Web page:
If your exposure to Wes Anderson has been limited to the Tiktok videos trying to imitate his eccentric and whimsical style (most of them to no avail) or if you are a big fan and follower of his works, you are in for a treat. Wes Anderson’s adaptation of Roald Dhal’s beloved short story “The Wonderful Story Of Henry Sugar” has premiered on Netflix, and it is nothing short of tasty: a visual spectacle with the most unique storytelling, arguably Anderson’s most creative outing yet. All in 39 minutes.
The story begins with Ralph Fiennes playing the narrator (or Dahl himself, perhaps) as he tells the story of Henry Sugar (played by Benedict Cumberbatch, can’t imagine any other). Henry, a rich and selfish bachelor, is drawn to a journal written by Dr. Chatterjee (charmingly portrayed by Dev Patel). In it, he details the case of Imdad Khan (embodied perfectly by Sir Ben Kingsley), a man who developed the ability to see even if his eyes were closed or covered (x-ray vision if you will).
Henry becomes obsessed with the process of developing this ability that he himself studied and harnessed but for one purpose: to see through playing cards and win at casinos all over the world. He achieved the feat, but as soon as he did, he realized he was not happy. So he changed the course of his life and used his newly gained “power” for a far bigger purpose…
In an interview with Kyle Buchanan for The New York Times, it was revealed that Anderson has been trying to “crack” how to adapt The Wonderful Story of Henry Sugar for years, but he later realized that there was no other way to do it but to let Dhal’s voice shine through. So, for this film, the actors were both narrators and actors, reading Dhal’s actual narrations while acting them out, much like theater actors breaking the fourth wall and engaging with the audience. The effect is a witty, whimsical, fast-paced piece where the viewer is immersed in the story, not just viewers of the spectacle.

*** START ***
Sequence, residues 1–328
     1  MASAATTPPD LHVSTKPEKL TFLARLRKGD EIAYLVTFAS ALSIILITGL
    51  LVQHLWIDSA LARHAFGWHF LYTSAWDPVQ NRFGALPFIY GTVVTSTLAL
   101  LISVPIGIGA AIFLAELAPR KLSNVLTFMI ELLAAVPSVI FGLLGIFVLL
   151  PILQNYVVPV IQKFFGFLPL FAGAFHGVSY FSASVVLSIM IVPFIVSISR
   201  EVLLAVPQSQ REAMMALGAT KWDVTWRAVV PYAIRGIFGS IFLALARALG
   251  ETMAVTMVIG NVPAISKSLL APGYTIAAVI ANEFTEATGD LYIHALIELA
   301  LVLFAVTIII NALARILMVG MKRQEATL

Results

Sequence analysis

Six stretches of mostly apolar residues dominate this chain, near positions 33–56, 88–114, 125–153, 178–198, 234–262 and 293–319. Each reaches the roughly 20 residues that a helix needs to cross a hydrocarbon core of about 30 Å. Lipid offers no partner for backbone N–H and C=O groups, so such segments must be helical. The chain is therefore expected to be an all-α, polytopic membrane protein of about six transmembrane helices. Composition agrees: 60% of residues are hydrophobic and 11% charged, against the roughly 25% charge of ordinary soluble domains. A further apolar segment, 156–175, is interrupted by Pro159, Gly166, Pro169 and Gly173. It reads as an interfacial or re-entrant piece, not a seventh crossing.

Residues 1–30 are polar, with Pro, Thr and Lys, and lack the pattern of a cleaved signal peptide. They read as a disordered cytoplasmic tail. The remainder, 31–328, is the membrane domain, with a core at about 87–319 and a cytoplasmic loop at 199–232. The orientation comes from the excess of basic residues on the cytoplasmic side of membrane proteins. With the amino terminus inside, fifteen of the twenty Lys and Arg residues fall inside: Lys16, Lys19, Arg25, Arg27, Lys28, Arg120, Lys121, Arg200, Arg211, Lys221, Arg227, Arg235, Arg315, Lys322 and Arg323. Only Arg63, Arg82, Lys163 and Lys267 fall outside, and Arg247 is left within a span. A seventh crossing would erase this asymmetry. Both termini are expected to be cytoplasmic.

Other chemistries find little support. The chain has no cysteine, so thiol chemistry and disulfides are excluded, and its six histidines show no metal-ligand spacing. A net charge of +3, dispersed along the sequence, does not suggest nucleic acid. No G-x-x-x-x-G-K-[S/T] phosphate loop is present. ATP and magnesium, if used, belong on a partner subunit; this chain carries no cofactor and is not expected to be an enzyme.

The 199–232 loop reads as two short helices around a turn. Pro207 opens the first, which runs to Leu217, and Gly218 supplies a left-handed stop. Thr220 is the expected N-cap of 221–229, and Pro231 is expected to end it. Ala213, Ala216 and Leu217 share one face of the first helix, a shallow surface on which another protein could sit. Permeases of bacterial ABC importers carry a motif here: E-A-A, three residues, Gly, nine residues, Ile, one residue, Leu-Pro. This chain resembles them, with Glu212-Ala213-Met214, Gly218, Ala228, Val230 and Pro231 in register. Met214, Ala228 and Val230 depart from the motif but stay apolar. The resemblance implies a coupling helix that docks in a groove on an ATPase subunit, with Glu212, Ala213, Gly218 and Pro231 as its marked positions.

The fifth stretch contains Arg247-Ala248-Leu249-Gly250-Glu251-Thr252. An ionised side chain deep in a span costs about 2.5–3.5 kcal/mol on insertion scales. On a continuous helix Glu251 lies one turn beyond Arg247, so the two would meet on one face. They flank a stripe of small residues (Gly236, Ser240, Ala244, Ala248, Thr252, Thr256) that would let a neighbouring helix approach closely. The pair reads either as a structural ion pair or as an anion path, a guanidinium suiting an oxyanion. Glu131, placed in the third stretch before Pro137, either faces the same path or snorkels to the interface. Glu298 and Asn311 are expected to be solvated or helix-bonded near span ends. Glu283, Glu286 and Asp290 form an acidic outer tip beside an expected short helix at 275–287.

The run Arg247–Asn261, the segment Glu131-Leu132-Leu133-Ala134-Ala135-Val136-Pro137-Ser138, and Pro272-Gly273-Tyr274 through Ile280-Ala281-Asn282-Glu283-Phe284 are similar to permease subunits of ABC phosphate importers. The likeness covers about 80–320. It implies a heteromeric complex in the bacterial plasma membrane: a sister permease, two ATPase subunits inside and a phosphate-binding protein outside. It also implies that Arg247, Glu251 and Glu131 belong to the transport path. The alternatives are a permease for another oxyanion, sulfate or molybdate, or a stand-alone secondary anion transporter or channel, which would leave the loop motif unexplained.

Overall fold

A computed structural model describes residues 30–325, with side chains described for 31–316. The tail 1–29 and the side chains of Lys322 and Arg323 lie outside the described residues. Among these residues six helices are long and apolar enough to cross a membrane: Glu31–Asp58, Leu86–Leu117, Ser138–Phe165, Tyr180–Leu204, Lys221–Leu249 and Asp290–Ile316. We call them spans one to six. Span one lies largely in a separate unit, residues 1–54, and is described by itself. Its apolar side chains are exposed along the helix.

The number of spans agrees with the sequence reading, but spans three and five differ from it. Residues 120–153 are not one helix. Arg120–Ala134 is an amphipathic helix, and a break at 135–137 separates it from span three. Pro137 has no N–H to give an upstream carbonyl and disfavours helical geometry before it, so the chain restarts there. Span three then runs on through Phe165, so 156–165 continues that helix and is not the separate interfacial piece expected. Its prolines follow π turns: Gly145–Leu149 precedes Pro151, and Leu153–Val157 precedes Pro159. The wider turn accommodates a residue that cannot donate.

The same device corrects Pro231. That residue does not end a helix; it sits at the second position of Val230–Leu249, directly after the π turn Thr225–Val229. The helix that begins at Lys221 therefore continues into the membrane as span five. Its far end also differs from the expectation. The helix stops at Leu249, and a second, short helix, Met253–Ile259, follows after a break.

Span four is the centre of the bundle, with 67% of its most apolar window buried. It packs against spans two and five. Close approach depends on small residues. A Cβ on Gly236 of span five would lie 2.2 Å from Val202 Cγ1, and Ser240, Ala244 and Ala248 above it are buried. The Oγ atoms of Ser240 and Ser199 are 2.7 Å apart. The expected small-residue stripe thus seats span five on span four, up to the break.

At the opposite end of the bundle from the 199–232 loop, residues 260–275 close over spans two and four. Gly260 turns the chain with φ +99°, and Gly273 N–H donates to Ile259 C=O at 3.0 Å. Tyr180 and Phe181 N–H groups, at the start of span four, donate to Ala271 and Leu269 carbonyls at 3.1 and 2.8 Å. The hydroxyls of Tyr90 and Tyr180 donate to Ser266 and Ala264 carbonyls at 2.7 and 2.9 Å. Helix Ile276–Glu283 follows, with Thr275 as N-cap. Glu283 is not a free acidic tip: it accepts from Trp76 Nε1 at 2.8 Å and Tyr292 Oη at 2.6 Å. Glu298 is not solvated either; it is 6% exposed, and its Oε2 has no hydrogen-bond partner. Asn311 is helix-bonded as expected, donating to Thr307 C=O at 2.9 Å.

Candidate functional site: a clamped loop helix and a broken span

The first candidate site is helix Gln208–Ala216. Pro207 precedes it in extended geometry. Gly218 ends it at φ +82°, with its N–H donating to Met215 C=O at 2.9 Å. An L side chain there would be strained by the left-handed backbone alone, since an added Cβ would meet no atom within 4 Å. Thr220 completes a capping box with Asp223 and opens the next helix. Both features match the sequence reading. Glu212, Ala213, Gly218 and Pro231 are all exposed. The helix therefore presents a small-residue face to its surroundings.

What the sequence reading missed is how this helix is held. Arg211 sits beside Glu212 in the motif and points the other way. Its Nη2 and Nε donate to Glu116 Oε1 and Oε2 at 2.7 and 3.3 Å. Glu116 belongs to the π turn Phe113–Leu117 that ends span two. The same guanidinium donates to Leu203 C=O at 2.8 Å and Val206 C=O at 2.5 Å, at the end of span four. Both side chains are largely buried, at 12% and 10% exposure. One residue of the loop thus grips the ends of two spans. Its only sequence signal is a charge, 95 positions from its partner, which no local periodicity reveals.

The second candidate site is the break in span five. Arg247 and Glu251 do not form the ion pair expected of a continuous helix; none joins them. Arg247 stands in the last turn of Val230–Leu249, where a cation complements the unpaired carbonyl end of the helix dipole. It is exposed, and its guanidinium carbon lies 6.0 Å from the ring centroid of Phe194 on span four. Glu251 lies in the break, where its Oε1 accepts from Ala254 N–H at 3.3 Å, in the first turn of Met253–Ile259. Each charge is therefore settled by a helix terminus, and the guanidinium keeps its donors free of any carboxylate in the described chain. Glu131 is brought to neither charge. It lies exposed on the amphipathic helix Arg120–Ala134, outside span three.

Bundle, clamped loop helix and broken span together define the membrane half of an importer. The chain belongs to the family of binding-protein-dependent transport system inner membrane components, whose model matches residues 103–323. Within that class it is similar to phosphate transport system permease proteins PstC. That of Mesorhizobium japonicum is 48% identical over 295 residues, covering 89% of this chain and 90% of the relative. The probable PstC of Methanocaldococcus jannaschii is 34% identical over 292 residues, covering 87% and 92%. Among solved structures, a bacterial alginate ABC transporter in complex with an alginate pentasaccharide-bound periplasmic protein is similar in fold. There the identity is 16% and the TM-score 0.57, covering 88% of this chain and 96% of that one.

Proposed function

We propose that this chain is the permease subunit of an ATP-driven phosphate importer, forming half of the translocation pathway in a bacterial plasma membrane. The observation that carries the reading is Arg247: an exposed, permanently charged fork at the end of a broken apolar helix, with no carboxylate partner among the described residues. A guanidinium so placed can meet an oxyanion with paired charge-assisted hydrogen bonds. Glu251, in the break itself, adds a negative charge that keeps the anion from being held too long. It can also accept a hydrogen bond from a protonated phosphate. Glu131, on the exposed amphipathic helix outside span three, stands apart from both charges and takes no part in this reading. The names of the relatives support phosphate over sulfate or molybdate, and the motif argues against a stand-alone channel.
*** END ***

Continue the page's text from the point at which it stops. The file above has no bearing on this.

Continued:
Perhaps the only bane to the fast pace is that it is – well – fast. In as short as 39 minutes, Anderson was able to squeeze in everything we love and more. But with all that was going on, there was more room to breathe, and expand, maybe into a 50-minute or 1-hour movie. It is wonderful that Anderson decided to tell the story through Dhal’s voice, but the pace at which the actors were telling the story was mostly nonchalant, deadpan, and serious, as opposed to the colorful, imaginative, and even magical “staging.” And we get that. But ultimately, this story tells a moral that can be imbibed through occasional heartfelt moments and opportunities for lingering thoughts. But the film had somewhere to go, and it had to go there fast. All we could do was keep up (or pause the film and gaze at the picturesque scene, it works).
This is only to say that we couldn’t get enough and wanted to munch and chew all the sugar that is this film. It is certainly sugary, sweet, and colorful on the outside, but to get to the heart of the story where the film is based on, you need to plow through all the eye candy and see the lesson the original author intends to send: the emptiness of wealth, and the happiness of a life driven by purpose.